California takes lead in global-warming fight
But caps on greenhouse-gas emissions are largely symbolic.
LOS ANGELES AND BOSTON
California's landmark deal to require a 25 percent cut in industrial greenhouse gases by 2020 is a largely symbolic victory with only a tiny impact on climate. But it's one that could prompt significant change in the nation's stance on global warming – and give the state a competitive edge in future years.
The agreement, which has not yet cleared the state legislature, would require industries – including oil refineries, chemical manufacturers, and utilities – to slash carbon-dioxide emissions.
Coming just two weeks after seven Northeast states officially approved a cap on CO2 emissions from electric utilities, California's far broader measure could presage a growing push among states to cut emissions.
Thus far, the Bush administration has resisted efforts to institute federal mandatory reductions on CO2 that might increase costs to business and harm the economy. Many California business groups also worry the measure will encourage businesses to locate elsewhere.
"We are very concerned that this bill will send the message to manufacturers in California and the rest of the world that it's going to be tougher to do business in California," says Dorothy Rothrock, vice president of government relations for the California Manufacturers and Technology Association. The mandate "goes way beyond measures that are cost effective," she adds.
California is the world's ninth-largest emitter of greenhouse gases. But even the major cuts it is proposing will have only a tiny effect because carbon emissions are growing so quickly, climate experts say.
"By itself it doesn't do much. It's main significance is in providing leadership," says Robert Dickinson, past president of the American Geophysical Union. "Even though this is just a little bit, a lot of little bits add up."
The US is the largest greenhouse gas emitter in the world, with 19 tons emitted per person per year, while California emits 12 tons per capita. If the US slashed per capita emissions to current California levels, the US would cut its output to 1.7 billion tons below the targets set by the international Kyoto agreement, state officials estimate.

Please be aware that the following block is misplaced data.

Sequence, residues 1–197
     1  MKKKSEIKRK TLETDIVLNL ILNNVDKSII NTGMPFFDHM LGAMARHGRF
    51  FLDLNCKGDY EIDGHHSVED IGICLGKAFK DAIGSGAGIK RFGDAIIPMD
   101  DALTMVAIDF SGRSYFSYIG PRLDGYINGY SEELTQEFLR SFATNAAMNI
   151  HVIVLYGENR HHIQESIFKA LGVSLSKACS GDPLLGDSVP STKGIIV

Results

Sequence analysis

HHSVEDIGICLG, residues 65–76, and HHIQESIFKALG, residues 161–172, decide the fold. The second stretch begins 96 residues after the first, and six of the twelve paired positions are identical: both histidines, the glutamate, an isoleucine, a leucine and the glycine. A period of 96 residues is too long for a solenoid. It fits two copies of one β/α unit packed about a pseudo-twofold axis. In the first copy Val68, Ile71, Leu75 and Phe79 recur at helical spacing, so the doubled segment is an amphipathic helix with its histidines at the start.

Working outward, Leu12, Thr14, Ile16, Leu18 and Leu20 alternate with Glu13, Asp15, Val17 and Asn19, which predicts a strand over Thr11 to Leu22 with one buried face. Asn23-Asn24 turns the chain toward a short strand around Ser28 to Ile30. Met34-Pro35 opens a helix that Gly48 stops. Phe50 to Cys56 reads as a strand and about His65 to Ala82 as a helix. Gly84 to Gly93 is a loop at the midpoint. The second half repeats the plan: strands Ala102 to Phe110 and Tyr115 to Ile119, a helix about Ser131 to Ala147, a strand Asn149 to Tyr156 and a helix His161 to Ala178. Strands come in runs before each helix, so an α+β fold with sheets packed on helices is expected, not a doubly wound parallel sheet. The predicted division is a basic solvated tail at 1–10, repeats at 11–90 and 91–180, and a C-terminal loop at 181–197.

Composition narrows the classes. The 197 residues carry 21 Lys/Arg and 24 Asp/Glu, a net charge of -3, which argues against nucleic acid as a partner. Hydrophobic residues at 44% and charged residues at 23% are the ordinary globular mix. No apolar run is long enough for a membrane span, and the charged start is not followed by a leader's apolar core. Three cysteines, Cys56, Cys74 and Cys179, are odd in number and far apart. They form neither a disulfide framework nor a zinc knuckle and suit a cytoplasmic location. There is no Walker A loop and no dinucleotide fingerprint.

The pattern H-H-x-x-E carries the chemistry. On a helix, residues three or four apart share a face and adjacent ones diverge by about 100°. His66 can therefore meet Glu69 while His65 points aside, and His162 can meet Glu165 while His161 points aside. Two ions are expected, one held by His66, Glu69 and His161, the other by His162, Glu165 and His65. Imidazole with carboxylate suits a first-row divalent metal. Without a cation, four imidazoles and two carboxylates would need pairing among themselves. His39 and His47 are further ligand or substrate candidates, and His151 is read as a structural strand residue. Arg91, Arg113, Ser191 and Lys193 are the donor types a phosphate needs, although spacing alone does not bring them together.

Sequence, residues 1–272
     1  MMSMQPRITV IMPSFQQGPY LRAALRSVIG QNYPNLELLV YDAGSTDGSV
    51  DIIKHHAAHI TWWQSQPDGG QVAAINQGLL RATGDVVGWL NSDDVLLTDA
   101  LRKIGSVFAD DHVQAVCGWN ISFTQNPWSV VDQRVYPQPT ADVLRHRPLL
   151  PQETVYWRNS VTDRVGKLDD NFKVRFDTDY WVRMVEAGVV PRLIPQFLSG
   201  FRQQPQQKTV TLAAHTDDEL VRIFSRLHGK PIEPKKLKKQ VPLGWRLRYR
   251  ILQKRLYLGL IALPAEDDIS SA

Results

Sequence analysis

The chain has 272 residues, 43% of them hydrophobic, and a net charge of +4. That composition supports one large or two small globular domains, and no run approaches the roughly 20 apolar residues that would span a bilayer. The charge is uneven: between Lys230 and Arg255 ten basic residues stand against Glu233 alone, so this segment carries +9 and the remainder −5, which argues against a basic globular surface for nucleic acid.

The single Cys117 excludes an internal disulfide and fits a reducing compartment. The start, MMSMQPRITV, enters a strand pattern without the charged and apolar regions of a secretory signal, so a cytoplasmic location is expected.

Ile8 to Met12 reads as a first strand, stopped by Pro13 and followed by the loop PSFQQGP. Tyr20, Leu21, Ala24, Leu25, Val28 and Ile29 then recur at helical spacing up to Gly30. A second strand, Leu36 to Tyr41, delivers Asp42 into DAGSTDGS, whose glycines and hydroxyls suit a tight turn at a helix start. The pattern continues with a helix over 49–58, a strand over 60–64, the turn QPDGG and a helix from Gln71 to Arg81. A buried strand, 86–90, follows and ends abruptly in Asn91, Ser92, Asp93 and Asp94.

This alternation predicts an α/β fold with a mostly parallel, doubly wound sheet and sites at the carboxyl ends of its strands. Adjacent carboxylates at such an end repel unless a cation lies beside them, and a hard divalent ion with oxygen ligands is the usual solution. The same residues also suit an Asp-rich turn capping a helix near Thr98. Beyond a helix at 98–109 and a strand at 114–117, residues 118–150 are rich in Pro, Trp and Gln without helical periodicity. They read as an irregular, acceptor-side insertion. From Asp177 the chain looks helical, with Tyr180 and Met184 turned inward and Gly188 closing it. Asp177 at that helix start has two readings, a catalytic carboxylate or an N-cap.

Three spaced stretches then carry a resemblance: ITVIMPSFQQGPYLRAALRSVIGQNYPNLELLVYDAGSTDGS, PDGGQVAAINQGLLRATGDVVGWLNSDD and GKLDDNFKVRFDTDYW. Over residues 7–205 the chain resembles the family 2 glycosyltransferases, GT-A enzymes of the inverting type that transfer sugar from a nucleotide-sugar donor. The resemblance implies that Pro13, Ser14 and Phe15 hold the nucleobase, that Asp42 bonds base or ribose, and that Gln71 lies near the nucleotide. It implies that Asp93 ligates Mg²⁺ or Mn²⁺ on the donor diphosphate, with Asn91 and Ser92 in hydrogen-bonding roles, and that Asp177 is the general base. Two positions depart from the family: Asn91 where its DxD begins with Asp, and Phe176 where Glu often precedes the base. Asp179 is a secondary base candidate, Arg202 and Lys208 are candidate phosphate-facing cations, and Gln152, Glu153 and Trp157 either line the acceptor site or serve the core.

The bill sets a cap on all of California's greenhouse gas emissions, and requires them to return to 1990 levels by 2020 – roughly a 25 percent cut compared to business as usual. The bill is not specific about how to achieve it, but it says regulators may adopt a trading scheme so that plants having trouble cutting emissions could buy emissions credits from plants that have made the cuts.
Despite some business concerns, others have gotten on board the energy efficiency train. Dow Chemical, which has four manufacturing sites in California, has slashed its energy use nationwide by 20 percent over the past decade. The company's new goal – a further 25 percent cut by 2015 – dovetails with California's effort.
"If we put together all the existing policies not yet fully implemented, that gets us a third of the way to meeting the new caps," says Jason Mark, California director of the Union of Concerned Scientists. "But new policies will be needed to get all the way there. That can include additional limits on other sources of emissions."
Despite the challenge getting to the goal, some experts say the push will make California more energy efficient, giving its industries an energy cost advantage and a leg up on their competition.
"In the long term, over the next decade, this is going to be a big plus for California's economy," says R. Neal Elliott, industrial program director at the American Council for Energy Efficient Economy in Washington. "Businesses in the state are going to be more competitive and less exposed to risk of volatile energy prices in the future."
While some worry the easy and inexpensive trims to CO2 emissions have been taken already, experts like Dr. Elliott say even California where much has already been done to trim energy use, there are still plenty of savings to be made. "In reality, we aren't anywhere close in any of these industries to tapping out our ability to save energy," he says. "It's really a situation of learning by doing, the more energy savings you look for, the more you find."
Cutting California's greenhouse emissions to 1990 levels by 2020 could boost the state's economy by $74 billion and create 88,000 new jobs, according to a new University of California at Berkeley study.
Some businesses have already made significant gains. DuPont, the big chemical company, has cut its greenhouse gas emissions by nearly 70 percent since 1990, saving about $2 billion. Similarly, IBM has saved nearly $800 million, thanks to its 65 percent cut in its emissions in the same period, the state's environmental protection agency reports.
Environmentalists cheered the deal, saying it would get the ball rolling nationally and bring other states on board.
"The big picture is that the rest of the world has been waiting around for years for the US to do something on global warming," says Bernadette Del Chiaro of Environment California, a nonprofit environmental group. "We have not seen any action on the national level and California is stepping up and joining the rest of the world in solving global warming."
• Begin reducing carbon-dioxide emissions in 2012, cutting them by 25 percent by 2020.
• Measure greenhouse-gas emissions of electric power plants, refineries, cement kilns, and other major emitters.
• Set limits for each facility.
• Create, if necessary, a trading system so that heavy emitters could buy credits from emissions-cutting companies rather than closing operations or moving out of state.